Hochfeiler or Gran Pilastro is the highest mountain in Zillertal Alps. It is located on the border between Austria and Italy. The normal route to the summit goes from the south Italian side, and this is my only reason for placing this mountain in the Italian Alps within this site.
Basic data about the mountain:
- Height: 3510 m.
[F. Tarrega: Tango]
The route starts from the road, at some 1700 meters above the sea level. You arrive here by following the road to San Giacomo or St. Jacob, from Vipiteno or Sterzing, which is on the south side of the Brenner pass. You realize that all places here, including the mountain itself, are with two names, the German and the Italian. You will follow the signs for Vizze valley (Val di Vizze, or Pfitsch).
After you pass the last houses in the tiny Sasso village, the asphalt road ends up and you will continue along a rather good macadam road which you will follow for another couple of kilometers. This is the general direction towards the Vizze pass (Passo di Vizze, Pfitscherjoch). The road is not completely open for public, you can follow it only till the 4th turn where there is a parking at the start of the route to Europa hut.
The car parking for the Hochfeiler route is exactly at the beginning of the route, but it is quite small. This is at the third turn above the valley. But there is a bigger one just 300 meters down the road, and this was my actual start point. The parking is surrounded by a nice pine forest, there is a water stream running exactly at the spot, I am not sure if the water is indeed drinkable but it looks so, but think about the photo above.
As soon as you start your tour, you will enter the woods and you will turn right and descend toward a bridge which goes over a very noisy water stream. After that you will follow the narrow path through the woods, then through the bushes, and then over meadows and grassy slopes high above the valley which is on your right side most of the time.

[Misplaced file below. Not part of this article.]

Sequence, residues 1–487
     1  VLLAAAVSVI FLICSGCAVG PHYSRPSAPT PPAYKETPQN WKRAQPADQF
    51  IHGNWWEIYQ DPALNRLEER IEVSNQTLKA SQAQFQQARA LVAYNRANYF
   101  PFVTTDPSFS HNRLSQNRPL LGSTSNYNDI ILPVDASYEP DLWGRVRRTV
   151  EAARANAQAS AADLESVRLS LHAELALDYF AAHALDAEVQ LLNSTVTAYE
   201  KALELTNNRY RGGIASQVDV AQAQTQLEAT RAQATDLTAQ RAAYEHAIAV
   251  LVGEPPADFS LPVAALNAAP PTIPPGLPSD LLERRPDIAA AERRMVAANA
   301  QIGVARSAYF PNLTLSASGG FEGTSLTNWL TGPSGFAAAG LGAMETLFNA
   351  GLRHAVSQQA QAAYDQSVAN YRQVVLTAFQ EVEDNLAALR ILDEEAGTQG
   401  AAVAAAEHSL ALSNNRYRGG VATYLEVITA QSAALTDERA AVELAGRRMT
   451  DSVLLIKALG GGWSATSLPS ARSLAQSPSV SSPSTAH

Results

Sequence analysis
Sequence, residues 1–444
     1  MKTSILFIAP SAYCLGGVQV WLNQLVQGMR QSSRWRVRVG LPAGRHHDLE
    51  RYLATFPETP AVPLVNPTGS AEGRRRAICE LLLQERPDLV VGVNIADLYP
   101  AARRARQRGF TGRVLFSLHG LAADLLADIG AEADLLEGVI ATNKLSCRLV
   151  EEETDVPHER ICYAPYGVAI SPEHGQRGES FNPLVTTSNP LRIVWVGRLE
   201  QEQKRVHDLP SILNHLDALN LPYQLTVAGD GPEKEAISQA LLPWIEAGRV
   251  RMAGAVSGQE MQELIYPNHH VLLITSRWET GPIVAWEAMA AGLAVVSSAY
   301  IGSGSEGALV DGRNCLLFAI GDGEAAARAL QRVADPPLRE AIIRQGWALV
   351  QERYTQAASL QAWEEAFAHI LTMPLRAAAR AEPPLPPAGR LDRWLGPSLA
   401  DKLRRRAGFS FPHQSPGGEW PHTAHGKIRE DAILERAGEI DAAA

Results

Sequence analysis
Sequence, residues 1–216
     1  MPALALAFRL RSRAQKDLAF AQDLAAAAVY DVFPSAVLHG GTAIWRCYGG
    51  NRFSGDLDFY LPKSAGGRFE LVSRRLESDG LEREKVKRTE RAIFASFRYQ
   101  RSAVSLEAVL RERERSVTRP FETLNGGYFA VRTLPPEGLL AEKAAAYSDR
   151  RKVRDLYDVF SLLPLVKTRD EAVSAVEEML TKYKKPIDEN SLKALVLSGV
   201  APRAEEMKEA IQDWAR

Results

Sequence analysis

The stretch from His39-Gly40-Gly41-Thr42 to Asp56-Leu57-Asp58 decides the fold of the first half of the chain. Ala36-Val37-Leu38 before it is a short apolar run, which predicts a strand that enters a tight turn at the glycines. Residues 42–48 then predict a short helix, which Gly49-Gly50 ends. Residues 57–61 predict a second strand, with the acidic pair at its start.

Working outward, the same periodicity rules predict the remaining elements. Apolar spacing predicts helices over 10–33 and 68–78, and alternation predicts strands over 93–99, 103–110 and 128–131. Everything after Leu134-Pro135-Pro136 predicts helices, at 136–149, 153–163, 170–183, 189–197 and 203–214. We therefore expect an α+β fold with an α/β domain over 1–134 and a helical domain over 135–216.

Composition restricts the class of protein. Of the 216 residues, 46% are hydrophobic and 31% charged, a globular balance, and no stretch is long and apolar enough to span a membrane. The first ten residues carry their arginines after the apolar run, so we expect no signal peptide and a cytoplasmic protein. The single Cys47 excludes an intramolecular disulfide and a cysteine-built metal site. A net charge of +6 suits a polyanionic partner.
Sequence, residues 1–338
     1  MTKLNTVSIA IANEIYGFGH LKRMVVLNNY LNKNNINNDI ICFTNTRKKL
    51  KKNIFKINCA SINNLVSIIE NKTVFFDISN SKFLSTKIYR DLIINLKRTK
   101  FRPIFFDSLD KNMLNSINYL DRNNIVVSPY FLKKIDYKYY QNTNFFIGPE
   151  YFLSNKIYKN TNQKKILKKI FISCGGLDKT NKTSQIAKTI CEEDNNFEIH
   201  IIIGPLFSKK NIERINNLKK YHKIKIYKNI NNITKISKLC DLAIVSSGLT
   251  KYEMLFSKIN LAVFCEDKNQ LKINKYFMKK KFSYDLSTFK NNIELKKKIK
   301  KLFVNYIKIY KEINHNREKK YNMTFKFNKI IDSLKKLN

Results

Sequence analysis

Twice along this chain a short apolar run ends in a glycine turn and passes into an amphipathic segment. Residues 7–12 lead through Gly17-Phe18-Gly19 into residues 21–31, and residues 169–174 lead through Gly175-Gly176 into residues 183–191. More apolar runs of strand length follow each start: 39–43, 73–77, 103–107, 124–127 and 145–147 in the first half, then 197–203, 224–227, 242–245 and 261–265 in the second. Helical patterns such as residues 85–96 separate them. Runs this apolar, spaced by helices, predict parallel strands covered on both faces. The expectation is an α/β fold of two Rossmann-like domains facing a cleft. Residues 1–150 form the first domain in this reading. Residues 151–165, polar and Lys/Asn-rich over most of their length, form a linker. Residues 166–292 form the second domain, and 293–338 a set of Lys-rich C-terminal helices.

You will gradually gain the altitude all the time. So this is a lengthy approach and this seems to be the only one. The line on the map below is far from showing the exact route, it only depicts the general direction.
At some point, you will pass the spot where the route splits and one branch of it continues towards the Hochfeiler hut, while the other goes to the left towards the summit.
If you continue towards the summit, you will get to yet another point on a rock high above the hut, where the route again splits and you will see one branch of it going towards the hut.
So now if you continue towards the summit there are no other routes, the direction is obvious, and you will need some 2-3 hours from this point to the summit.
Here is a video with some people climbing Hochfeiler also directly from the road like myself. But they have had just perfect weather condition, have a look:
- Phone: +39 0472 646071.
- E-mail: firstname.lastname@example.org
- Site: www.hochfeilerhuette.it
- Beds: 94.
- Winter room: yes.
- Access time from the road: 3 hours and 10 minutes.
There are no exposed sections on the route to the summit, no fixed cables or ropes. You do not pass glaciers (although they are around you), and in the summer time, the route is free of snow. Therefore no special equipment is needed to climb Hochfeiler. Have a pair of hard mountaineering boots, and I warmly suggest you have trekking poles. Here is my summary:
Permits & fees
No permits. Car parking is free. Note, there is no space to pitch a tent around the car parking, and I am not sure of this is allowed at all. I slept two nights in the car, and I was not the only one.